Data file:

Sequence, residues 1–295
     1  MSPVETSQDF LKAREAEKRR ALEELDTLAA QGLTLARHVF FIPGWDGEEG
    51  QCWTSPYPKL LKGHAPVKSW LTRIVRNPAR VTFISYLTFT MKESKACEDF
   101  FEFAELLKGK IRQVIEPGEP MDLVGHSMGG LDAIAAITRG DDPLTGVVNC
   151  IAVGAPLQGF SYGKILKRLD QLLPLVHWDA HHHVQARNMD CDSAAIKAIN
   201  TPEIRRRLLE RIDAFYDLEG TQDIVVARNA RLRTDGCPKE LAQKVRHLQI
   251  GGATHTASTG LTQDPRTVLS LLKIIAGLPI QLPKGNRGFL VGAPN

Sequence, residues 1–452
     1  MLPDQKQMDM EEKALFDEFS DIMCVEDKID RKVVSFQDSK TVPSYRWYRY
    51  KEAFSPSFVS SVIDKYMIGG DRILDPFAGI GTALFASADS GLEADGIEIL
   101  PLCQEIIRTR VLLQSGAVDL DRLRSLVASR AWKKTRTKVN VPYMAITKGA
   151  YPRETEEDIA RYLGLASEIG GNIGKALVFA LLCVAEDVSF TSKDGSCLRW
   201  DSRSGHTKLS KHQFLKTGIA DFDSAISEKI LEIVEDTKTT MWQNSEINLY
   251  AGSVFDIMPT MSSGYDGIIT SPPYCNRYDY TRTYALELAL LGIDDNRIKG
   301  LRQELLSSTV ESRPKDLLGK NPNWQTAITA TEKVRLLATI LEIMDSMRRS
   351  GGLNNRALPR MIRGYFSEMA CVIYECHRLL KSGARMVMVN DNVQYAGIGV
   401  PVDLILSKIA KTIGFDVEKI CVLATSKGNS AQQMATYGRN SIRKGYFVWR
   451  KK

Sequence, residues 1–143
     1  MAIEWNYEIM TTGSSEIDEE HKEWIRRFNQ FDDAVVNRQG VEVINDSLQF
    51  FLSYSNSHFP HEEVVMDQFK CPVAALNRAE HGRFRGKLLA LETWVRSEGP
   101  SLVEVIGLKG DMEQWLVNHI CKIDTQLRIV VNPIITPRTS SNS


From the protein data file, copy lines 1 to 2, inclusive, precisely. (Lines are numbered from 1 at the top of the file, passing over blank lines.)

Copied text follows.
Sequence, residues 1–295
     1  MSPVETSQDF LKAREAEKRR ALEELDTLAA QGLTLARHVF FIPGWDGEEG